THEMA

SYRIA

Translating Humanitarian Emergency into Medical Aid in Syria


Claire Glasscoe

Human Rights Violations


Legislation and the Law

The law relating to the practice of medicine in the Syrian Arab Republic changed substantially in July 2012 with the introduction by the Assad Regime of anti-terrorism laws, which effectively criminalized any kind of medical assistance to those opposing the government or anyone associated with the opposition. These laws therefore compromised the 'Hippocratic Oath,' or its equivalent that doctors universally make when they are registered to practice; a vow made to provide medical assistance solely on the basis of need together with a promise to 'do no harm.' In Arabic this oath is called 'Kasan Abu Krat.' In order to retain their integrity as medical practitioners, many doctors chose to leave Syria at that point, or at least move to a 'liberated area.' Continuing to practice medicine while honouring internationally recognised medical ethics in Regime controlled areas attracts harsh penalties including routine imprisonment for three years, torture and sometimes death. This change in the law led to the extension in Regime policy to the targeting of medical facilities and all healthcare personnel that are suspected to be harbouring or treating those in the opposition.

In my interview with Mr Ebrahim Al Hajji, former President of the Court in Aleppo he explains the introduction of these laws and what it has meant in practice from a legal perspective. He goes on to outline the past and present legal systems operating in Syria, both within Regime controlled and liberated areas.

Imprisonment, Torture and Death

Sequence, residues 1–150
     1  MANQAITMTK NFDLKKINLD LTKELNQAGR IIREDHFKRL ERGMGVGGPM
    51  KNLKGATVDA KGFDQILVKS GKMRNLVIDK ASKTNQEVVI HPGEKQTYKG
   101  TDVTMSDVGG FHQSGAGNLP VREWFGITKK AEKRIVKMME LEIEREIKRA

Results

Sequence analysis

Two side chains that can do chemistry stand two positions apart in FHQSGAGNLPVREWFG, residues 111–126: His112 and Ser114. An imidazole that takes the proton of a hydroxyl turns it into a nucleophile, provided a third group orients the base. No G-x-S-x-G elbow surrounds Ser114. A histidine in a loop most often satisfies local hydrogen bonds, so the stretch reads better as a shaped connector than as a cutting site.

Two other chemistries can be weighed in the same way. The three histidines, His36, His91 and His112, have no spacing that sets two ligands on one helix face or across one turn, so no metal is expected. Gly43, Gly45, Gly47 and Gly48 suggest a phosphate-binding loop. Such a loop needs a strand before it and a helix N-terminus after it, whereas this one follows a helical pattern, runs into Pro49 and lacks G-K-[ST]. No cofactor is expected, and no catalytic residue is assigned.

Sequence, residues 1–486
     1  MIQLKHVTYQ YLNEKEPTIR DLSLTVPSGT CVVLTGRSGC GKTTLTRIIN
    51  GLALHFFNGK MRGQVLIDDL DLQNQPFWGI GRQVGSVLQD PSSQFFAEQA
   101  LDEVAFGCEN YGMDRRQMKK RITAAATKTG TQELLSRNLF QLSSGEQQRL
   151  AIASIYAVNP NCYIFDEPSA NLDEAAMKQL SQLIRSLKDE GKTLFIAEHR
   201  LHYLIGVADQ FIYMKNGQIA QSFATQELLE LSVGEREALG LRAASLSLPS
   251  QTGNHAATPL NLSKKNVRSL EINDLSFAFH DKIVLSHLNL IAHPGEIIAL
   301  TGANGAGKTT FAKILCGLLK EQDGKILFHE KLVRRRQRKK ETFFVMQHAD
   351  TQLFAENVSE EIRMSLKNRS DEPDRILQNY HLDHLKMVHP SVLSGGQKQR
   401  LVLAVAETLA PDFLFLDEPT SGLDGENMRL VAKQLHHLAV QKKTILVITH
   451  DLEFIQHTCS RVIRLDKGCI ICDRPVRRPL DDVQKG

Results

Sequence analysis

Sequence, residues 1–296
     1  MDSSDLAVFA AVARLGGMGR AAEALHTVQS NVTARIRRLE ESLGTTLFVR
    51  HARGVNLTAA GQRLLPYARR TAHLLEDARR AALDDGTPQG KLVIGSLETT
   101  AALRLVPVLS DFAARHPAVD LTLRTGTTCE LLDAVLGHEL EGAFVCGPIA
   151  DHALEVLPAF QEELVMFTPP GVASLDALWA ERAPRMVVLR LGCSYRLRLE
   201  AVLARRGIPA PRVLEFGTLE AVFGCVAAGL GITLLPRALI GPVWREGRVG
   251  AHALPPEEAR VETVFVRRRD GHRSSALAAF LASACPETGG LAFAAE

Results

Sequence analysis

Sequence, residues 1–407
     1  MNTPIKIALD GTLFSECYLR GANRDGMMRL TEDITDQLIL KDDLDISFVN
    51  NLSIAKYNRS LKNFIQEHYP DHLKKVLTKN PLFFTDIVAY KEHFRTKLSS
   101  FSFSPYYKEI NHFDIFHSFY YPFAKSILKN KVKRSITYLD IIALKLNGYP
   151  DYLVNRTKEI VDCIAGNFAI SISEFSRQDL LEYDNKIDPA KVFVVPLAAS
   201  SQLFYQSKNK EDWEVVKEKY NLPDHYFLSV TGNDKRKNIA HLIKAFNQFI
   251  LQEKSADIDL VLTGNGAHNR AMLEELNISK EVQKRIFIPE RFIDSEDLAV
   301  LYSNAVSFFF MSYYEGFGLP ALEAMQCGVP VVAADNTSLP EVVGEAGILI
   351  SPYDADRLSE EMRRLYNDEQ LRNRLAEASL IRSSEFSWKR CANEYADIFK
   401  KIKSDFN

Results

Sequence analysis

The Syrian Arab Republic could reasonably be described as a 'police state'; arbitrary arrest and detention is routine and every public building has holding areas and facilities for interrogation with violence. This includes children's schools, hospitals and university academic departments. Further to this, a system of security branches is responsible for the different aspects of state security where more concerted interrogation techniques are used together with a complex prison system that is without exception brutal - in 2012 the Human Rights Watch located 27 such detention centres around Syria. Official prisons vary in what category of prisoner they detain and for each prison there is an associated hospital where, under the guise of 'treatment' interrogation and torture continues often until death. The satellite image (left) depicts Sednaya prison, possibly one of the most feared and secret of them all, where prisoners are blindfolded when they are taken there and many die in custody. In December 2014 though the Syrian Network for Human Rights highlighted the existence of unofficial secret detention centres that surpassed the level of brutality imposed on those detained in official prisons. They estimated the total number detained in Syria, frequently without any charge, exceeds 215,000 and they provide a database for relatives trying to locate missing family members. Secret Detention Centers in Syria

Under Siege

Fred Hoff, Senior Fellow at the Atlantic Council, Rafik Hariri Center describes a siege within the Syrian Arab Republic as: 'one facet of an Assad Regime political survival strategy that has helped to produce in Syria the signature humanitarian abomination of the twenty first century.' A 'siege' is characterized by armed forces completely surrounding a populated area and taking control of all the passable terrain and roads. Military checkpoints are set up to restrict or completely prevent the flow of people and basic supplies such as food, water, and medicine. Once surrounded, the area is treated to prolonged bombing campaigns with the objective of starving the neighbourhood into submission, weakening the resolve of the popular base that supports the revolution and expelling rebels operating within its boundary. The Syria Institute estimates that there are currently 1 million living under siege in Syria. 'Slow Death' documents the premature death of 560 civilians in besieged areas and describes the challenges for the young, old and those already suffering with chronic health problems from malnutrition, dehydration and no medicines.